For a more fulsome exposition of Chris Hedges's view that our democracy and civil rights have already been eroded possibly beyond recovery, check out Hedges book, “Wages of Rebellion, The Moral Imperative of Revolt” (2015).

      By chapter and verse, he describes a seamless and faceless oligarchic corporate elite who run this country for their own special interests, foisting neoliberalism and globalism on the increasing impoverished masses of Americans. This elite controls the economy, all three branches of our government and political system, and finally our media, universities and other informational systems.

      The Israel-Palestinian situation is only one of many similar examples he discusses. It's pretty clear that the Israel Lobby and Zionists are part of the oligarchic corporate elite he discusses, but Hedges doesn't single them out. There's plenty of blame to go around.

      I don't agree with everything he says in the book, but his conclusions echo those of Major Pierce and for the most part are well-supported with argument, facts, analogies and parallels.

  • Many Clinton Foundation donors oppose BDS-- and so does Clinton
    • Thank you for pointing out my error, Annie, and I stand corrected.

      However, although Phil elaborates "what" donors got in terms of access, we understandably don't know "what" was discussed and "what" favors were promised by Clinton, although it will probably be exposed, at least in general, if Clinton is elected -- appointments, spending, initiatives, policies, pardons, decisions not to prosecute and so forth -- whether by her administration or the Clinton Foundation.

    • I'm surprised Phil and Mondoweiss even bother to ask the question of whether there is a quid pro quo from the Clintons and most other U.S. politicians in return for pretty much monolithic Zionist, Israel Lobby-type support. It's been well documented for years, including during the Clinton presidency, the Bush II presidency, the Obama presidency, Hillary Clinton's reign as Secretary of State and the Hillary Clinton-dictated Democratic Party Platform, pushing for even more support for Israel and hinting at conflict, even war, with Iran and Russia.

      The factual evidence here includes Mearsheimer and Walt's "Israel Lobby" book, Alison Weir's "Against our Better Judgment" book, and the work of the Washington Report on Middle East Affair's for many years, including its March 2016 conference "Israel's Influence: Good or Bad for America" at which Phil was a speaker and many Mondoweiss posts.

      Hope that Obama will somehow take belated steps to blunt the growing tide of American and Israel Lobby support for Israel, right or wrong? Don't make me laugh. Obama is and always has been a hand-picked puppet, groomed and supported by the Pritzgers and other Zionists, starting with his stint as an Illinois State Senator, in return for pro-Israel support as a politician. Neocon Zionists were big in Bush's years and some carried over to Obama. Zionists were big during the Clinton years and have carried over to Obama. They now salivate at the prospect of a Hillary Clinton regime feeding their insatiable hunger. Obama jeopardize his golden parachute. I don't think so.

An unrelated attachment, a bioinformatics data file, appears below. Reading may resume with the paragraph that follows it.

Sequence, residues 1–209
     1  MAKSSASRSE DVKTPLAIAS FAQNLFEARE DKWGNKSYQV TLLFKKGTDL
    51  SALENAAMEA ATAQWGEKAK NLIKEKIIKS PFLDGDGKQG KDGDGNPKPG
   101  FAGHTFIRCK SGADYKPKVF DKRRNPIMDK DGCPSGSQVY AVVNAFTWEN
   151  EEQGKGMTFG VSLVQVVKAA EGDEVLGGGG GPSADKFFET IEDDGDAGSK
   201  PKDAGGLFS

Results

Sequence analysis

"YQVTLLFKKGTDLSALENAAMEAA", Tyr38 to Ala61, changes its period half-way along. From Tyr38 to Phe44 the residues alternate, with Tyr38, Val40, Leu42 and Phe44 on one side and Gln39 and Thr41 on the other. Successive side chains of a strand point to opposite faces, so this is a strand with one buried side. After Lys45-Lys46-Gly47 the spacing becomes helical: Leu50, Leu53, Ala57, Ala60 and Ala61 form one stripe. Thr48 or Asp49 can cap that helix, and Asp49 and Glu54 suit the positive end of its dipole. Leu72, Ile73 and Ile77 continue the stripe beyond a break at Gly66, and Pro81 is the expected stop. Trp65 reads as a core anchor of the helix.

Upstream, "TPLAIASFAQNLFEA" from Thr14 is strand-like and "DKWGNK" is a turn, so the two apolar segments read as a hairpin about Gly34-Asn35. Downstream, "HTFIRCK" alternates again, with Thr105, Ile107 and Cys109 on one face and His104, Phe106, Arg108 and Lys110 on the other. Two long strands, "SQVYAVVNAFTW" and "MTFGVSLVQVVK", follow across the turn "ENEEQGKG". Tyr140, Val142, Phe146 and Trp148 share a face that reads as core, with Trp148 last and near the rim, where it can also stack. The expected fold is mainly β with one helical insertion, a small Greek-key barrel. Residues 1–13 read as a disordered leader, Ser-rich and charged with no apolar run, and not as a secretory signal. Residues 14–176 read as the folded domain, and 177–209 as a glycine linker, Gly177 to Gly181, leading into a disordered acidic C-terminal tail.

We need a new language to replace outdated terms like so-called liberal Zionism and right-wing Zionism as distinct "isms". BDS support or non-support may separate them, but it's a fairly minor issue on the spectrum of Israel, Palestine, Middle East issues.

      Phil correctly hints at a blurring of the lines between liberal Zionism and right-wing Zionism, but at their core, they are both part of the pretty much seamless and faceless oligarchic corporate elite who run this country for their own special interests, foisting neoliberalism and globalism on the increasing impoverished masses of Americans. They argue about how many angels can dance on the head of a pin, but it's mostly show to deceive the populace, whether intentionally or unintentionally.

      See Chris Hedges book, "Wages of Rebellion, The Moral Imperative of Revolt" (2015).

  • In overwhelming vote, leading Lutheran branch calls on US to cut off aid to Israel
    • Truly wonderful, encouraging and hopeful news.

      I hope this will help unfavorable publicity grow about Israel and the Israel Lobby and will make people realize charity begins at home. Maybe the American populace will start to connect the dots between all the money we spend abroad and the resulting inability to address serious problems right here in the good old U. S. of A., and finally will awake to what things like BDS and the Lutheran resolutions demonstrate, including the power the Israel Lobby and most American politicians exercise to the detriment of the American people as a whole.

      The voters may then demand, as a vote for Jill Stein and the Green Party would start to do, that the U. S., with all its power, send a more unvarnished message, such as: No country, not even the U.S., has a right to exist. It exists because it has taken steps to protect itself. That's what the U. S. has done. That's what Israel should do, instead of hiding behind the U.S. and private supporters like AIPAC and the Israel Lobby.